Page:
The Headscarf Is Not the Headscarf
Headscarves are often considered retrograde and repressive in the western world. However, the significance of the hijab has repeatedly undergone radical change over the years. Sabine Enderwitz provides an overview of its history
The history of the women's veil in the Near East goes back much further than that of Islam. It was also a familiar part of life in Europe until recent times, albeit in a different form. Hair – and certainly not only women's hair – has been considered a source of vitality, and special powers have been attributed to it since ancient times.
This is illustrated by the biblical story of Samson and Delilah, which has repeatedly been used and varied as a theme for music and painting in Europe. Nevertheless, it has been woman's crowning glory that has solicited the greatest precautionary measures throughout history.
Women's headdress: a long tradition in Europe too
Apart from the 1920s and up until the middle of the last century, no self-respecting woman would be seen in town without a hat. Furthermore, expressions that are now gradually going out of fashion – such as the German phrase for tying the knot (unter die Haube kommen), which literally means "coming under the bonnet" – indicate the strategy of domestication to which women were subjected upon marriage.
Islam was no exception in this regard. In fact, in the form of head-to-foot veils and the institution of harems, it took the threat posed by women somewhat more seriously than Judaism and Christianity. Or was it simply that Islamic society in the Middle Ages had greater economic resources at its disposal and was therefore in a position, so to speak, to indulge in the tremendous luxury of restricting an entire section of the population to biological reproduction?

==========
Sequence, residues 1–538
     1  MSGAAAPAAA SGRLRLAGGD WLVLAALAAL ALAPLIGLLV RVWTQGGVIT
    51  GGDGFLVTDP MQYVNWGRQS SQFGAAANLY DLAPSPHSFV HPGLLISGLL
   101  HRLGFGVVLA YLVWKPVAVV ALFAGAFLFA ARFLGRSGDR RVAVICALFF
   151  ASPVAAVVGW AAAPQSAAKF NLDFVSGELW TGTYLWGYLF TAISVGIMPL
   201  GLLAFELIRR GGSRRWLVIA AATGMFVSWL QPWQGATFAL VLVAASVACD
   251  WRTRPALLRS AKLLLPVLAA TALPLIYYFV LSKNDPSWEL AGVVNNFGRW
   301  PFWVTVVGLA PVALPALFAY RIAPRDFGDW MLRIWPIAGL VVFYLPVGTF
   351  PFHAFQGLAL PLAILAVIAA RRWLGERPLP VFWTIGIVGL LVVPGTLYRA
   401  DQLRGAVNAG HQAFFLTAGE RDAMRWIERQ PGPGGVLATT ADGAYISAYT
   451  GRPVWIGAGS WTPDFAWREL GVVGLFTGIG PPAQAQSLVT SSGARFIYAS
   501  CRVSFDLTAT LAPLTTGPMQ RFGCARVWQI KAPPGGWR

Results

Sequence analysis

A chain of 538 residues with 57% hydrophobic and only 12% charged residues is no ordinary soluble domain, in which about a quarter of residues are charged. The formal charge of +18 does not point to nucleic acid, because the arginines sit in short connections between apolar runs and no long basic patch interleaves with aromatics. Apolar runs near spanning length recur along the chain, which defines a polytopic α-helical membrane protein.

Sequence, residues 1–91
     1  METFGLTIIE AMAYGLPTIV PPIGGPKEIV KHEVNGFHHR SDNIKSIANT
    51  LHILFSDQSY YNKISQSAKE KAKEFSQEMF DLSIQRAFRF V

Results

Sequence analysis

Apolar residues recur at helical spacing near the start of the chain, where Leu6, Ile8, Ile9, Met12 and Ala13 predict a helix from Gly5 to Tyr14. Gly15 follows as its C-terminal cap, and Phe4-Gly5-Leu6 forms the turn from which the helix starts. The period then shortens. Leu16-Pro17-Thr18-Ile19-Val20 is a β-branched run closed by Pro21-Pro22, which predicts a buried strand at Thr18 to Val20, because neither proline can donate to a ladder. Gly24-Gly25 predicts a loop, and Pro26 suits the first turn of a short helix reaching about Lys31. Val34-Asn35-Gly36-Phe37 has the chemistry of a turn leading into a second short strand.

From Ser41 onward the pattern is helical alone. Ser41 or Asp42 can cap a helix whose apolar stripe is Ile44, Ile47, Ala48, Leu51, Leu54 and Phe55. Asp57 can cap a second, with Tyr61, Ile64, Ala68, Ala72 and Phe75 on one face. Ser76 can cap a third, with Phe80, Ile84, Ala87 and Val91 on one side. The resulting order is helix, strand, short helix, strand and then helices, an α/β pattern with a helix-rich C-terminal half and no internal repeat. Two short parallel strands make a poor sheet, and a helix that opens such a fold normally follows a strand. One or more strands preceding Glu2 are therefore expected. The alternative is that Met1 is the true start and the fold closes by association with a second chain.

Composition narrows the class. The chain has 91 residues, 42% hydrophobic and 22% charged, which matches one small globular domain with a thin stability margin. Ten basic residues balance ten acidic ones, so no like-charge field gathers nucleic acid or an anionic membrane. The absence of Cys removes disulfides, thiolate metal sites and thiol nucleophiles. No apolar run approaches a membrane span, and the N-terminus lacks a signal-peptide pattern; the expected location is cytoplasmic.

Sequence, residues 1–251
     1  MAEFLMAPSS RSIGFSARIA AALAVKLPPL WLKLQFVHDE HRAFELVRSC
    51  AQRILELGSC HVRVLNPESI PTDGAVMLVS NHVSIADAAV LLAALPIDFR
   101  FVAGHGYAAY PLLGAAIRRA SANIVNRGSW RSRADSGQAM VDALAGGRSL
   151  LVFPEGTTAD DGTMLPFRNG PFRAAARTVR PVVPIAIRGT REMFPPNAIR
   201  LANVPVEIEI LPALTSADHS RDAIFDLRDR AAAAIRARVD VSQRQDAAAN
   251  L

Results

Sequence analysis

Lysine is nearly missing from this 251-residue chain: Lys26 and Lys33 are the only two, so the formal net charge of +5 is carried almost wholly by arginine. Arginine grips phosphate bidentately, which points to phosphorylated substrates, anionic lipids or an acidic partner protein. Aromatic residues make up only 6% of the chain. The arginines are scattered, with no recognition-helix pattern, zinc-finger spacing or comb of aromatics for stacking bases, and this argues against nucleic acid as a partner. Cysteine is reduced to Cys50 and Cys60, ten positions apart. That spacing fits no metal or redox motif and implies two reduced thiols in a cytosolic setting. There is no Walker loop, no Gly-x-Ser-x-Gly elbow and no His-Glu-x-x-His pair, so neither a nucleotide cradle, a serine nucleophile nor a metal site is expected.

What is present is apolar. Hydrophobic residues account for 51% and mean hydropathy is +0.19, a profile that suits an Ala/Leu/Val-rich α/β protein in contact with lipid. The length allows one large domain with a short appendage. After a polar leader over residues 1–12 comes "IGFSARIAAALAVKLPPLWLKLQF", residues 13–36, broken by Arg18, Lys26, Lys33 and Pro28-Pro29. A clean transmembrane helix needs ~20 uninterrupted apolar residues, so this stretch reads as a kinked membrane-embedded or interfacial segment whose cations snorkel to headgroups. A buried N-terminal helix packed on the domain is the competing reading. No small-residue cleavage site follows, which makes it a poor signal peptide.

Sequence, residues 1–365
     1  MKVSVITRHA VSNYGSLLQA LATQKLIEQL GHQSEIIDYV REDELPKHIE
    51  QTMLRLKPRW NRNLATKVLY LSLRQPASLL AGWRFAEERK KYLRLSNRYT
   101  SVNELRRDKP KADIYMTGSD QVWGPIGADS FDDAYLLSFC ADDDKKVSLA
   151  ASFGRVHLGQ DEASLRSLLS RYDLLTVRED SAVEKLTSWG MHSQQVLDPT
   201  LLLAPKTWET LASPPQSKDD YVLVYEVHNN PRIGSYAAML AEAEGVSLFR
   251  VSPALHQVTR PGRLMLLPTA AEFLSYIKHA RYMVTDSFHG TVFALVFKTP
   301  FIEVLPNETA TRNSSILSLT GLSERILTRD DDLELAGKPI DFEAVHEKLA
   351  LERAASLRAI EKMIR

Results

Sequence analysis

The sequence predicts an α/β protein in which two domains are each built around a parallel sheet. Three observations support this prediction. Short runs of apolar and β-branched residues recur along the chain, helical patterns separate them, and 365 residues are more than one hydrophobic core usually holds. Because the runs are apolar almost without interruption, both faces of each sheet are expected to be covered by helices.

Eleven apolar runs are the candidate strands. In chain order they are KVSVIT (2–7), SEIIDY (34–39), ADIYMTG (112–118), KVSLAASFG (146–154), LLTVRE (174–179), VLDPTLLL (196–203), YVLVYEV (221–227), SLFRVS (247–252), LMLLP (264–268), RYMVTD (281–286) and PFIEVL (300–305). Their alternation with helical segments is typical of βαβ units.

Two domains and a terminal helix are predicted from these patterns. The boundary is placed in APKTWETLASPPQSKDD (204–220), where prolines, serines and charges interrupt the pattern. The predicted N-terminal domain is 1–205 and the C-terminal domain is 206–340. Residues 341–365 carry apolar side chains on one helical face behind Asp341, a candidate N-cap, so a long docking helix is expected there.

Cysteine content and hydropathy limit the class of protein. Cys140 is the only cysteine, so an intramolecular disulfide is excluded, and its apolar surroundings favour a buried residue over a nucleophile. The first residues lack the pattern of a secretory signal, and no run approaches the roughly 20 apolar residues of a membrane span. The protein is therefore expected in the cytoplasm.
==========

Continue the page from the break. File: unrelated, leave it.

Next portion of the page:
The veil as a status symbol
Despite being governed by Islam, peasant and Bedouin women neither wore head-to-foot veils, nor were they locked away in harems. Wearing the full veil was a prerogative of city-dwelling women from the upper classes; a status symbol that attracted the envy of those less privileged than themselves.
Egypt – the Islamic country that is most under the influence of the West – was the very first country to consider this luxury to be criminal and self-destructive. In 1899, the reformer Qasim Amin published a pamphlet on "The liberation of woman". Two years later, it was followed by "The new woman": his answer to the protests voiced by the conservative Azhar sheikhs.
The isolation of women puts a strain on economic power
It seemed that both the social waste of doing without valuable manpower and the damage to future generations caused by children being raised by half-educated mothers was too great. In the two decades that followed, the women of the upper classes removed their veils, took part in demonstrations and fought for access to universities.
In the decades that followed, and in particular after the 1952 revolution that made Gamal Abdel Nasser president of Egypt and the hero of the pan-Arabic, -Islamic and so-called "third" world, educational programmes for girls were organised and conditions that facilitated women's entry into the world of work were created. Cairo in the 1960s was a modern city in which a burgeoning middle class did all it could to become like its models in the West.
This all changed radically when Nasser died a few years after his devastating defeat at the hands of Israel in the Six-Day war of 1967, and his successor, Anwar Sadat, simultaneously pursued a policy that favoured the clergy so as to use them to drive back the Nasserite Left, and opened the door to foreign investors.
The headscarf as a reaction to failed modernisation
The existing and rising middle classes, up-and-coming doctors, lawyers and engineers increasingly felt they were being robbed of their future. It was out of this sector, and not the clergy, that the new "Islamist" movement developed. This movement felt that a return to basics, i.e. to the principles and rules of Islam, would resolve the social imbalance.